Improved care of type 2 diabetes patients as a result of the introduction of a practice nurse: 2003-2007.
ABSTRACT The main objective is to examine the effect of the introduction of a practice nurse (PN) on the quality of type 2 diabetes care.
Retrospective cohort study in 397 type 2 diabetes patients recruited from five general practices in the Netherlands. Measurements were performed in 2003, 2005 and 2007, to estimate the effects before (2003) and after the introduction of the PN (2005) as well as the changed diabetes guidelines (2007). Process measures indicated whether measurements of HbA(1c), systolic blood pressure, lipid profile, funduscopy, foot examination and annual check-ups were carried out. Outcome measures comprised actual levels of HbA(1c), systolic blood pressure, lipid levels and BMI.
All process measures - except performance of funduscopy - improved significantly. Mean HbA(1c) decreased from 6.8% to 6.5% (2003-2007: ns, 2005-2007: p<0.01), mean LDL-cholesterol from 3.2 to 2.7 mmol/L (p<0.0001) and mean total cholesterol/HDL-cholesterol ratio from 4.5 to 3.7 (p<0.0001). For systolic blood pressure, the number of patients reaching targets increased considerably in 2007. Analyses for both study populations at different time points as well as for patients present at all time points showed comparable results.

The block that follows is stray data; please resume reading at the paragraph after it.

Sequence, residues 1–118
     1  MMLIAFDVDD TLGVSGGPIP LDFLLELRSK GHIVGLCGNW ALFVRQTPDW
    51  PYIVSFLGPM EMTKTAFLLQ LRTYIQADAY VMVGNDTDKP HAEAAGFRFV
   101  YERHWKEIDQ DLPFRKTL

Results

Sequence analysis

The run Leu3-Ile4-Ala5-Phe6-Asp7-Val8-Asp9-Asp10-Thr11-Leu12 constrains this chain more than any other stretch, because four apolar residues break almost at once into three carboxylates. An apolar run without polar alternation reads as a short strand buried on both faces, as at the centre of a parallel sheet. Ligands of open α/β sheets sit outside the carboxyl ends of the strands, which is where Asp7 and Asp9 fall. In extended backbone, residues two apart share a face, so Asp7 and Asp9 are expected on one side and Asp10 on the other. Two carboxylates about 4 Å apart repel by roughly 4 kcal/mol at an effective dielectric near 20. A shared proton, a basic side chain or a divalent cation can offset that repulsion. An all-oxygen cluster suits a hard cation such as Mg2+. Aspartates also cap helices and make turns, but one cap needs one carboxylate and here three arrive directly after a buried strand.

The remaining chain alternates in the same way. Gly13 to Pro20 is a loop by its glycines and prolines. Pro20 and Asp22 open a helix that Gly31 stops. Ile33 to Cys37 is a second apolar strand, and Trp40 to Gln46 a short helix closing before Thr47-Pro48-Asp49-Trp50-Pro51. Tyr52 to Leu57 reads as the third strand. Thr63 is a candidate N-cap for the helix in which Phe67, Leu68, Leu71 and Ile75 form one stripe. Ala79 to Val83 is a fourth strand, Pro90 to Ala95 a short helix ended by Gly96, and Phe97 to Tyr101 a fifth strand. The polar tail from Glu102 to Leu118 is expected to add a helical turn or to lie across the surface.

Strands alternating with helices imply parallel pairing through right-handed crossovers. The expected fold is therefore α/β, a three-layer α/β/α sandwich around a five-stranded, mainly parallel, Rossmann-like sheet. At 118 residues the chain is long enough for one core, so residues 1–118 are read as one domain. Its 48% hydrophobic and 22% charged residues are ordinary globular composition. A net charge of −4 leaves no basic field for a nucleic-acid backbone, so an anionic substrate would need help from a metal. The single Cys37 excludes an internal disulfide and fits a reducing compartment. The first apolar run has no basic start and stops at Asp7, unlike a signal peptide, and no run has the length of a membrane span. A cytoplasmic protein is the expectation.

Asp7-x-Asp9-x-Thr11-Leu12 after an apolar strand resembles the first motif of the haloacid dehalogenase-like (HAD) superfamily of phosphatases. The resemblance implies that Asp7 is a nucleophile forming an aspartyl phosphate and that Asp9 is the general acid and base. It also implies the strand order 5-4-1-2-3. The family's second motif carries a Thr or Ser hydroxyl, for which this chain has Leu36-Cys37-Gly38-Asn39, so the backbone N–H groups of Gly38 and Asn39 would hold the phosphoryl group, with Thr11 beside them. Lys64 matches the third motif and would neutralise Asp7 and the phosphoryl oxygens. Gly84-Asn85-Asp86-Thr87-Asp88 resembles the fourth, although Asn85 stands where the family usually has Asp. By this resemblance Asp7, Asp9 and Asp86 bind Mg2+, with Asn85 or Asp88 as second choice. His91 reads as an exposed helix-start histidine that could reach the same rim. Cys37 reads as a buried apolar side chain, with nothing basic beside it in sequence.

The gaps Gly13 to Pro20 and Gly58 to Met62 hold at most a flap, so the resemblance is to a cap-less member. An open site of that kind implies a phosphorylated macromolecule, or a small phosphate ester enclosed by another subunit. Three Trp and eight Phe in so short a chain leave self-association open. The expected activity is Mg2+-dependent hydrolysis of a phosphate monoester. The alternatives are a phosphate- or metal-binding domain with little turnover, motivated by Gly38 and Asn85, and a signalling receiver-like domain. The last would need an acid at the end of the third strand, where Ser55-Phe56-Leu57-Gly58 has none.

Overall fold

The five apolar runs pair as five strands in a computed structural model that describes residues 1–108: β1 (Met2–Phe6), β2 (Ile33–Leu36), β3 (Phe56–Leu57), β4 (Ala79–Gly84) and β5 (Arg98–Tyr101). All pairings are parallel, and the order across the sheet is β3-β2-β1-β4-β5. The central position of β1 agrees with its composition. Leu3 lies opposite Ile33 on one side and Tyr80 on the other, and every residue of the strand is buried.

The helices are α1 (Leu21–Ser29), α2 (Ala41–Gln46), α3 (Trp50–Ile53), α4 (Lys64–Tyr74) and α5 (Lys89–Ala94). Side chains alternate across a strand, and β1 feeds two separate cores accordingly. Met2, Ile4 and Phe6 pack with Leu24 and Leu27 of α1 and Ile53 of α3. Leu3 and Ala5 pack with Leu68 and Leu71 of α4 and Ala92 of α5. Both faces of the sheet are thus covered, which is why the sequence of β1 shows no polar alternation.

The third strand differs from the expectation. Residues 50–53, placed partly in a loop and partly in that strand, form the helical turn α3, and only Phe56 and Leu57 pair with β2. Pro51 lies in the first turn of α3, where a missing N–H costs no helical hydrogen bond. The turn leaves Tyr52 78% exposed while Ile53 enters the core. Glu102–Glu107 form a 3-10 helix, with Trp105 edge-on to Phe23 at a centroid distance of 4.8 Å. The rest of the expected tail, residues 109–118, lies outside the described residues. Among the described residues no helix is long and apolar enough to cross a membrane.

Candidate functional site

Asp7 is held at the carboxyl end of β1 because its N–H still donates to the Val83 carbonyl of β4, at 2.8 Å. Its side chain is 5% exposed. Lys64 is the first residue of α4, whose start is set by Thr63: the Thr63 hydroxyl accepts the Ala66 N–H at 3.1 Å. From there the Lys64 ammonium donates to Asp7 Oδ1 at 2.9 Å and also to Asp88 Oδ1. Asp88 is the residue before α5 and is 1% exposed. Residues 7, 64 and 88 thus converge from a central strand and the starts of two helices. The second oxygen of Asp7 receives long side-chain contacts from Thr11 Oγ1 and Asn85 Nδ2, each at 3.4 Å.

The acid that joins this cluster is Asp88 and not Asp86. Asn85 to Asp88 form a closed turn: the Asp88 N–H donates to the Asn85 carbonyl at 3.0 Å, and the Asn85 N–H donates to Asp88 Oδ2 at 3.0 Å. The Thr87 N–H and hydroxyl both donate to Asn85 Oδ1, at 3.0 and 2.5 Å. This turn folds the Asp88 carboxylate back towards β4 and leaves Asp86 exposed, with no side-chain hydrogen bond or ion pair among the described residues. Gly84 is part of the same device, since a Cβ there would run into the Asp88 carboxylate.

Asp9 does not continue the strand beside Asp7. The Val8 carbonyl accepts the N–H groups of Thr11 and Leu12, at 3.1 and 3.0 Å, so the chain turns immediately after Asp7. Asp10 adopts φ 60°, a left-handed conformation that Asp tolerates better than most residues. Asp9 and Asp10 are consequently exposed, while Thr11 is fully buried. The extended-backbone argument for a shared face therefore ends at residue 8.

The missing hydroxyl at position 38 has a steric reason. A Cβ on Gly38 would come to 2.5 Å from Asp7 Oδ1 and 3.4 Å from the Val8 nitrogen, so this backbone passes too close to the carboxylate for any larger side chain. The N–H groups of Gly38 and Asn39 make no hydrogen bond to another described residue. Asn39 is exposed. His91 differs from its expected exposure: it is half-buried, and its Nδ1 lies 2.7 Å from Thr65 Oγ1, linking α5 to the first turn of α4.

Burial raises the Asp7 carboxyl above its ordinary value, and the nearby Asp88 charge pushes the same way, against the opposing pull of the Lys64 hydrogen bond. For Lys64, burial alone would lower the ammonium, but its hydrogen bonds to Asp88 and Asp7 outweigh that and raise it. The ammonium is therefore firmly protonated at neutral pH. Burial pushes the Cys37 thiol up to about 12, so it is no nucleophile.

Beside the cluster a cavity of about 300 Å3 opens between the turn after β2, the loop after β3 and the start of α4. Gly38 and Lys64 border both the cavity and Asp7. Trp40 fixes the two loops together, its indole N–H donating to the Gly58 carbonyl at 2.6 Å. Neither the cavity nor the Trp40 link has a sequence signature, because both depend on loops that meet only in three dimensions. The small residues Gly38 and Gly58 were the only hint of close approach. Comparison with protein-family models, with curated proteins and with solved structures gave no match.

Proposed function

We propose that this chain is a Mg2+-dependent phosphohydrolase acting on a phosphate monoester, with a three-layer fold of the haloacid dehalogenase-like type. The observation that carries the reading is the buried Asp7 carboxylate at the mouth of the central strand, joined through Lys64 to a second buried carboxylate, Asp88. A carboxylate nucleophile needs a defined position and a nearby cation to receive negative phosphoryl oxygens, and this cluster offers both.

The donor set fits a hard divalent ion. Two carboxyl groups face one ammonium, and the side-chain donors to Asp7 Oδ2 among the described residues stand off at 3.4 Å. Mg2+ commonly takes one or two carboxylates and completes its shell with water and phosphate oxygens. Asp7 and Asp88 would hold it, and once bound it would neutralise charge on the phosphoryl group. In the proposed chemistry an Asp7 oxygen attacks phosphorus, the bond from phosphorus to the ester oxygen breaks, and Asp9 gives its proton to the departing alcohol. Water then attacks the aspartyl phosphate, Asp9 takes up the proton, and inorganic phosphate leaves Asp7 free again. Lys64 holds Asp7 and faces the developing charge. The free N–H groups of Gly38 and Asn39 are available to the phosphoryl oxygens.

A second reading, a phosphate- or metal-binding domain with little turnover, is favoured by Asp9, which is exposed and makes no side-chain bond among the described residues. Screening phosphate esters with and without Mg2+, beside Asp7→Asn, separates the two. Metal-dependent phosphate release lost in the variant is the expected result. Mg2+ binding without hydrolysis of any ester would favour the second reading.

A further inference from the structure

Delegating diabetes care to a PN leads to significant improvements in diabetes care. General practitioners should seriously consider close collaboration with PNs to delegate diabetes care tasks.
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ABSTRACT: To assess both standard and novel diabetes quality measures in a national sample of U.S. academic medical centers. This retrospective cohort study was conducted from 10 January 2000 to 10 January 2002. It involved 30 U.S. academic medical centers, which contributed data from 44 clinics (27 primary care clinics and 17 diabetes/endocrinology clinics). For 1,765 eligible adult patients with type 1 or type 2 diabetes with at least two clinic visits in the 24 months before 10 January 2002, including one visit in the 6 months before 10 January 2002, we assessed measurement and control of HbA(1c), blood pressure, and cholesterol and corresponding medical regimen changes at the most recent clinic visit. In this ethnically and economically diverse cohort, annual testing rates were very high (97.4% for HbA(1c), 96.6% for blood pressure, and 87.6% for total cholesterol). Fewer patients were at HbA(1c) goal (34.0% <7.0%) or blood pressure goal (33.0% <130/80 mmHg) than lipid goals (65.1% total cholesterol <200 mg/dl, 46.1% with LDL cholesterol <100 mg/dl). Only 10.0% of the cohort met recommended goals for all three risk factors. At the most recent clinic visit, 40.4% of patients with HbA(1c) concentrations above goal underwent adjustment of their corresponding regimens. Among untreated patients, few with elevated blood pressure (10.1% with blood pressure >130/80 mmHg) or elevated LDL cholesterol (5.6% with LDL >100 mg/dl) were started on corresponding therapy. Patients with type 2 diabetes were no less likely to be intensified than patients with type 1 diabetes. High rates of risk factor testing do not necessarily translate to effective metabolic control. Low rates of medication adjustment among patients with levels above goal suggest a specific and novel target for quality improvement measurement.Diabetes Care 03/2005; 28(2):337-442. · 7.74 Impact Factor